“My roots are Southern,” says Lonnie Edwards, the soft-spoken owner of RibTown BBQ, a busy parking lot setup in LA’s Jefferson Park neighborhood. Flanked by an intimidating-looking smoker wafting the scents of smoldering wood, beef ribs, and shimmering sausage links, the native Angeleno seems larger than life. Between the plumes of smoke, the bustling streets around his setup, and the numerous meats and sauces requiring attentive preparation, one would presume Edwards to be working with a sense of urgency and intensity. But when he breaks into his usual wide grin, it’s clear that Edwards has no use for a frantic or serious demeanor — not in his life, and certainly not in his barbecue: “Low and slow. Everything’s straightforward, nothing’s overly complex,” he says.
The 61-year-old has been cooking barbecue for decades, first as a hobby and more recently as a business. His smokers have quickly become an integral part of the ever-changing food scene in Jefferson Park (and South Los Angeles at large), a community that has endured redlining, government-sanctioned division and demolition, and — most recently — gentrification and redevelopment. Along with neighboring historic West Adams, the Jefferson Park area is today a hotbed of flipped houses, condo construction, and brand-new restaurants, putting Edwards and his RibTown operation at the center of one of the most rapidly changing neighborhoods in all of Los Angeles.
Edwards has been taking in the slow changes to the neighborhood for years as a resident and longtime youth football coach; he only began speeding up his own timeline, first as a backyard grill master and now as a restaurant owner, in the past several years. The timing has been fortuitous.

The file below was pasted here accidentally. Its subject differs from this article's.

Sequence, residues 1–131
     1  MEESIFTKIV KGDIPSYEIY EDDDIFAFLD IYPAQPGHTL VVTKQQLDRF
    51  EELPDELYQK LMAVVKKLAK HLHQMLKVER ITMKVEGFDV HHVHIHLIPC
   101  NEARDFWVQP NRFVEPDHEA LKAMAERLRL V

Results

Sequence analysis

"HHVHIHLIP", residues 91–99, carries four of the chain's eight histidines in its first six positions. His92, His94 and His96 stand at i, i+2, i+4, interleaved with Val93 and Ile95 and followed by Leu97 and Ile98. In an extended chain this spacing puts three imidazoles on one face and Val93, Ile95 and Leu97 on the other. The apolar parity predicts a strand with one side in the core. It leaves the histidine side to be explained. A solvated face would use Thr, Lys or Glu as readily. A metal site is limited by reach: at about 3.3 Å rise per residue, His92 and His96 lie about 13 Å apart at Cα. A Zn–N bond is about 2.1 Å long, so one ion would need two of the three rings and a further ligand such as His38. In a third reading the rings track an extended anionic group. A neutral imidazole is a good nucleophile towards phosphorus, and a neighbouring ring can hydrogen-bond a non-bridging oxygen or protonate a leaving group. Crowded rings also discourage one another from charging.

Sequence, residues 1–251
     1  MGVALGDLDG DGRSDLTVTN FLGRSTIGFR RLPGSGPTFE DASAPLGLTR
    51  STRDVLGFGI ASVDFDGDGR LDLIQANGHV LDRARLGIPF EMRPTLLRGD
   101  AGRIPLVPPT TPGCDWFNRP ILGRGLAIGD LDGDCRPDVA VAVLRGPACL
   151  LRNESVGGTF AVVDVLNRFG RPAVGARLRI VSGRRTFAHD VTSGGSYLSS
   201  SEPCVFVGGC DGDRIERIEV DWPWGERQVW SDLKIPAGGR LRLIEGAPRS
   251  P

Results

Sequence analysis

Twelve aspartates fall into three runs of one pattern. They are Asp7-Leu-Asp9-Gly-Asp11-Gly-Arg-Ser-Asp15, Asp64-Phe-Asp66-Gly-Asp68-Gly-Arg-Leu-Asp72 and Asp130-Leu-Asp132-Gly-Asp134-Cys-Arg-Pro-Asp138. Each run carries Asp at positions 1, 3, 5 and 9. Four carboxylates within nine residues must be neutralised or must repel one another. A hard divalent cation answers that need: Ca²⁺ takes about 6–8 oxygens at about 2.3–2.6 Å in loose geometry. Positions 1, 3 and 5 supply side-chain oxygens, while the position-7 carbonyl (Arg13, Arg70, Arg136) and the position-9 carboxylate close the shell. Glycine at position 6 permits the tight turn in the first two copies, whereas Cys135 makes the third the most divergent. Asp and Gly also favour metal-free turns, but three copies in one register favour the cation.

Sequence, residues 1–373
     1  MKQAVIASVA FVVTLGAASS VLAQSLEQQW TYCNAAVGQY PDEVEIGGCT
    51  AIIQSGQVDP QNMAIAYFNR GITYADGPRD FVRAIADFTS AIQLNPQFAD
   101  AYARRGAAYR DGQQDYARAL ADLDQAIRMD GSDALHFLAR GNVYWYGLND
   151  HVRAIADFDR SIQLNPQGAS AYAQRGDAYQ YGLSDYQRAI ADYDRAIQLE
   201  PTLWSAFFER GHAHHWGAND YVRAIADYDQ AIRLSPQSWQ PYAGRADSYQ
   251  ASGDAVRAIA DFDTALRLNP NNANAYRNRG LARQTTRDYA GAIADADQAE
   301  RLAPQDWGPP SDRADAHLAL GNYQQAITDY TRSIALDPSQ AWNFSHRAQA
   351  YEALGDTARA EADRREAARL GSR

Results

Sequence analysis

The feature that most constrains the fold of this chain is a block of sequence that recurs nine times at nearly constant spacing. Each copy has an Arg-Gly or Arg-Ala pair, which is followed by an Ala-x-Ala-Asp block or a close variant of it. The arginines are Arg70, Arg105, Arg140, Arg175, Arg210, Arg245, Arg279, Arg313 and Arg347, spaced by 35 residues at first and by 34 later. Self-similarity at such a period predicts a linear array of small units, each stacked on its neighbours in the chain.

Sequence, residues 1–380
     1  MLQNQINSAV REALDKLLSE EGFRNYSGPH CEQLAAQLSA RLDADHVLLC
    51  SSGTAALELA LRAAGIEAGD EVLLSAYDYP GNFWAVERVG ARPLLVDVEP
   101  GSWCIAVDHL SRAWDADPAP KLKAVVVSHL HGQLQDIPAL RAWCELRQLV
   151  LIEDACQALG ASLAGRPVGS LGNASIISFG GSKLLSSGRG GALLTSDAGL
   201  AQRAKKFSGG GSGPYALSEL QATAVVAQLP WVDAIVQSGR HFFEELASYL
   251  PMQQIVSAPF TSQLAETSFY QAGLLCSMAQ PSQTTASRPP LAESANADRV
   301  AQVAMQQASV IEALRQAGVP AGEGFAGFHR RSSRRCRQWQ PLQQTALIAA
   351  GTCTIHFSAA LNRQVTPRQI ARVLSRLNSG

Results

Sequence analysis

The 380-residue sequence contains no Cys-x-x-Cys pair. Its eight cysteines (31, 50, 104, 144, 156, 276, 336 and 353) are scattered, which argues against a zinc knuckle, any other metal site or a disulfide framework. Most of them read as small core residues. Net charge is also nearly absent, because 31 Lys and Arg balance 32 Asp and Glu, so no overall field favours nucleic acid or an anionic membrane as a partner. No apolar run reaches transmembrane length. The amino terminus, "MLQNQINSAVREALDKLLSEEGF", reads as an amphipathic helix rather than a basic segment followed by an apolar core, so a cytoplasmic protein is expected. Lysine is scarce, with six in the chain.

Recently, an emergent group of Black entrepreneurs, including Edwards, have begun to move the barbecue conversation back toward its Southern heart, without leaving the half-decade of Texas-focused dominance behind. Many are native Angelenos, some are first- or second-generation transplants from Louisiana or South Carolina families, locals who have found new reach using old smoker traditions and heritage recipes. Others, like the Wood Urban Kitchen, see barbecue as a jumping-off point for a whole new neighborhood vibe, complete with pulsing music and weekend hangouts for the next generation of Black Angelenos in changing Inglewood. But they’re not the first to define LA’s burgeoning barbecue scene.
There is a deep history behind the region’s smoked meat universe, built and codified in part through Black migration to the American West nearly a century ago. Families from states like Louisiana, Alabama, and Tennessee moved to the West Coast in droves during and after World War II in search of better working and living conditions, far from the Jim Crow laws and deep racial divisions that pervaded the American South for generations. When they arrived, of course, Black Southerners still faced segregation, harassment, and inequality at nearly every turn. Many families carried with them the cooking traditions and recipes of their former lives in the South, bonding in tightly knit communities over dishes as simple as oxtail and rib tips,